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Background

Didcot ‘A’ is a 2000MW(e) coal burning power station that has been operating since 1970. At full working capacity, it consumes approximately 5 million tonnes of coal per year. As a result of this burning, ash is produced at a maximum rate of 3420 tonnes/day which equates to a maximum of 1.25 million tonnes per year. 20% of this is furnace bottom ash (FBA). The remaining 80% is pulverised fuel ash (PFA) which is removed mechanically or electrostatically from the gas stream. PFA is therefore produced at a rate of up to 1 million tonnes per year. Approximately 99.9% of the PFA is collected. The remaining 0.1% (up to 1000 tonnes per year) is discharged into the atmosphere, along with up to 15 million tonnes/year of carbon dioxide.
DidcotPS_5333

 

From 1970 to 1984, Didcot ash was disposed of in landfill at Sutton Courtenay, to where it was transported by road under a concession granted by the County Councils. This had to cease as a result of pressure to make more landfill available for London waste. However the embargo on disposal by road, a condition of the planning consent granted in 1964 for the construction and operation of the power station, led to the power station operators to seek to dispose of the surplus ash in gravel pits via a pipeline. Radley was a convenient choice for them, being only 8km from the power station with no intervening obstacles. Conditional planning permission was granted to the power station operators, the CEGB, on 17 February 1982 (ref: SUT/RAD/5948) to dispose of ash in the area designated as comprising lakes A thru N. (see map) Under the terms of this consent, Didcot were required to restore the land to agriculture and to the original topography. They also needed approval for specific proposals through each phase of the operation. In 2005, the current Power Station Operators, RWE Npower, submitted such a proposal seeking approval to fill lakes E and F. When it became clear that they were seeking significant variations, some imposed on them by new environmental and waste disposal regulations, which did not exist in 1982, and that there was significant public opposition to the filling of these remaining lakes, the application for approval was put into abeyance. However in January 2006, they submitted a brand new planning application to fill only Lake E (Thrupp Lake). Despite being granted full planning permission in early 2007, RWE npower eventually gave up the idea and, in December 2008, announced that they would give Thrupp Lake to the community.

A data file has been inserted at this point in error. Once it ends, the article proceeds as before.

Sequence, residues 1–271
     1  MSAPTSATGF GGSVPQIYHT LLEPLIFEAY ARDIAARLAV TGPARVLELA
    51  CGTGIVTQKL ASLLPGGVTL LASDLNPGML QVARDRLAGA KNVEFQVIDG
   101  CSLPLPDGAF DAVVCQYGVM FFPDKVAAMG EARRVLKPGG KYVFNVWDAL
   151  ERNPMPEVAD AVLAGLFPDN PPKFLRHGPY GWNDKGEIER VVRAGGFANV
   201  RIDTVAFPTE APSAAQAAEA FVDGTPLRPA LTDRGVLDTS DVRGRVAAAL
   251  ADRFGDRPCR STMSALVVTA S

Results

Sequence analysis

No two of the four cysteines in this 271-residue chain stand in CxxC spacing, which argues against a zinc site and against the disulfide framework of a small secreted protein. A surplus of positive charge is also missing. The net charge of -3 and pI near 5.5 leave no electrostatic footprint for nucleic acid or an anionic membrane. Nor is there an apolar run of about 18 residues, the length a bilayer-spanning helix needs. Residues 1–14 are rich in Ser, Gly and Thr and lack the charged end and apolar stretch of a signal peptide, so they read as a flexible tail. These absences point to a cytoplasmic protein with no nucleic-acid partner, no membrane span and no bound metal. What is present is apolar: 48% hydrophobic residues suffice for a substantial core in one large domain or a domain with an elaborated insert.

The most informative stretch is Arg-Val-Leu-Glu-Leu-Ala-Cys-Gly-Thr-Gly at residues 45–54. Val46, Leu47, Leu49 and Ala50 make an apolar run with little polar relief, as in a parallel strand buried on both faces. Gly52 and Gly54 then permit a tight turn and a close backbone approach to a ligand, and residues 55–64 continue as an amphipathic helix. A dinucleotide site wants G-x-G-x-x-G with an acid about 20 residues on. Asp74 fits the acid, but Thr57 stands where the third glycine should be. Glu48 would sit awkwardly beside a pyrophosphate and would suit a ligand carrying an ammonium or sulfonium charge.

In addition, facilities for the stockpiling up to half a million tonnes of ash were supposed to have been constructed at the power station site. This was to enable meeting fluctuating demands for PFA for use as a construction material. Unfortunately this bund (if it ever existed) was lost when Didcot ‘B’ was constructed and has not been replaced. Didcot operators therefore have no proper means of stockpiling ash at the Power Station. This limits their ability to recycle the ash and requires on-demand pumping to Radley even perhaps when conditions there are less than suitable. It is worth noting that, in 1982, when submitting their original application, the Power Station operators considered this stockpile to be essential to the ash disposal operation.